The next level down is where you have the real social heart of the ship and this is the lounge. The lounge is where you have the bar. It’s also where all of your briefings take place like the port briefings. The Captain’s Welcome and Farewell party is held here.

It’s also where all the entertainment takes place, like if local entertainers have been brought on
board. You have an onboard pianist too, and they play at lunchtime, afternoon tea and before and after dinner.

Just before you come into the lounge is the 24-hour tea and coffee making facilities.

At the front of the lounge, right on the bow of the ship, is what’s known as Aquavit. It serves breakfast, lunch and dinner here. For breakfast it has the early riser breakfast and has a lighter breakfast.

There is the lighter lunch here, and in the evenings, it has the same menu as the restaurant. It’s a really popular place to eat especially if the weather’s great. When you’re sailing through beautiful
scenery, people like to have meals up there.

Also, on this level you have a small library and a small computer area where you have a couple of computers, for people that have not brought their own laptops or tablets.

The next level down is probably where one of the most important, and popular, parts of the ship is: the dining room. It is a great open space and it is open seated at all times. It’s open for breakfast, lunch and dinner.

Breakfast is a buffet and you have a station where eggs are cooked or omelettes are made, and you can also order things from the menus like pancakes or eggs benedict. Lunch is also buffet, often with a pasta station and then you can also order you a starter, main course and desserts from a menu.

For dinner, the menu has three components: (1) a local menu which is very specific to the part of the river that you’re on with a starter, main course and a dessert, (2) you’ll then have an a’ la carte menu which changes every day and (3) you have classics like Caesar salad, steak and chicken breasts that’s available every day.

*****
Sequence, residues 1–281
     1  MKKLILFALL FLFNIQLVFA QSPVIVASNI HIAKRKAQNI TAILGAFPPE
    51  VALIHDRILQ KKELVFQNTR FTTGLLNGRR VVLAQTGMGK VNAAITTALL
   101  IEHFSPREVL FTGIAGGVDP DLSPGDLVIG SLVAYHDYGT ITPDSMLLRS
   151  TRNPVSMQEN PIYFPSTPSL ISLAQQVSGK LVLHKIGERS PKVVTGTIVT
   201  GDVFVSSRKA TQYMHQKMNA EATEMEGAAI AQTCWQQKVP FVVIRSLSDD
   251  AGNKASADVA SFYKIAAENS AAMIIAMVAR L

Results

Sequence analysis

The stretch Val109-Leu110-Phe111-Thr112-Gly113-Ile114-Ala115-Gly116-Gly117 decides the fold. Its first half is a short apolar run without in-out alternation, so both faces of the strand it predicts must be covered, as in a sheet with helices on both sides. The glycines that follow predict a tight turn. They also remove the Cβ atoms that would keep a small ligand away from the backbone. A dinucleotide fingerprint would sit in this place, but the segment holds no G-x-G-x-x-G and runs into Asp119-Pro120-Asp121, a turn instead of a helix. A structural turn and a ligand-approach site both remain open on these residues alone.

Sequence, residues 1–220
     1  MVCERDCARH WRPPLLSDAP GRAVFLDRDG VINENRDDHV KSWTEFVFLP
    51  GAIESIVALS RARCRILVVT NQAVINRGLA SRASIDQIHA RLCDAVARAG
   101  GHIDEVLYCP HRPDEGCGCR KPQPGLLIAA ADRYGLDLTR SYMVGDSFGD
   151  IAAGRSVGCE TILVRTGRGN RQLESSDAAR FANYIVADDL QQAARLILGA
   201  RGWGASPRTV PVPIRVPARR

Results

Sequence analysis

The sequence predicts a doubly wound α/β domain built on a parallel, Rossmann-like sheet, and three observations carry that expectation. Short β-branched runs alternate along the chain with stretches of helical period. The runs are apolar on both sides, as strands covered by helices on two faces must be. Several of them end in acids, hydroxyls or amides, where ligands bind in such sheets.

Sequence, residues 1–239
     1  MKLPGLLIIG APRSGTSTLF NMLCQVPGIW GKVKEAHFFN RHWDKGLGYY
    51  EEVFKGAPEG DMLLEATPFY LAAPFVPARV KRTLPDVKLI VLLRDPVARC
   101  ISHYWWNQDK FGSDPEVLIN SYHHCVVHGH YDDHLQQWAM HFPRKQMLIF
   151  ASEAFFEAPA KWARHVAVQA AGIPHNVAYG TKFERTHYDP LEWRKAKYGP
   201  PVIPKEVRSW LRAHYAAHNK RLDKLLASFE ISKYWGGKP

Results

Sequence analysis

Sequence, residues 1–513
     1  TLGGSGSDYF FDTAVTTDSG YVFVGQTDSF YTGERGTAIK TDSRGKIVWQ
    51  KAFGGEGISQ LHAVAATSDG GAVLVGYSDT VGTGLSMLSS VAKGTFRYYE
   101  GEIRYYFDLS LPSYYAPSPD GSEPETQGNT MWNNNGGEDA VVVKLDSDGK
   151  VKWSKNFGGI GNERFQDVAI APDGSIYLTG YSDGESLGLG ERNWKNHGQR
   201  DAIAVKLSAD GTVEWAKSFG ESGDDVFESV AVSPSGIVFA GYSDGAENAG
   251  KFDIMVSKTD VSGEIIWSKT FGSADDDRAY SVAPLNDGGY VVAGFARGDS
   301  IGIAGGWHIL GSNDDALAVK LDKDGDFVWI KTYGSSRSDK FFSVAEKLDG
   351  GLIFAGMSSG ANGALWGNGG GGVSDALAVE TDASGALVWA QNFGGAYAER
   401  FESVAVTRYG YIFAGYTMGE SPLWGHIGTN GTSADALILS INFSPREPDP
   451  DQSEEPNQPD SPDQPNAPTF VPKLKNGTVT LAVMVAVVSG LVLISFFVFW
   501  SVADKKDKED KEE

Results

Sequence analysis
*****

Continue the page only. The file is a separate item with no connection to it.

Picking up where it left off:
Wine, beer and soft drinks are included with lunch and with dinner. The wine and the beer will normally be very specific to the part of the river or the country that you’re cruising through.

Also, on this level you have the reception area with guest services and a small shop which sells a wide range of Viking branded merchandise and other things related to Viking or the cruise or the country that you’re sailing through.

Let’s talk about some of the things that you will not find onboard a Viking Longship.

  • First of all, like all river cruising ships, there is no medical centre. Unlike on ocean cruises, there is no medical centre and that’s because party due to lack of space but also, on a practical level, these ships are always really close to land and close to port. So, if there are any medical issues or needs, they can connect you with a local clinic hospital or a medical practitioner.
  • On Viking there is no fitness centre, no spa, no hairdressers. Some river cruise companies do have those facilities, but Viking Longships don’t have those.
  • There’s also no guest laundry on board, and this is also true of other river cruising ship. If you have
    laundry needs you can send those away on board and they can do those for you.

Viking Longships are consistent and have the same facilities across the entire fleet. They have a Scandinavian look and feel. If you want to find out more about Viking River Cruises or river cruising in Europe, watch my other Tips for Travellers videos: http://www.youtube.com/tipsfortravellers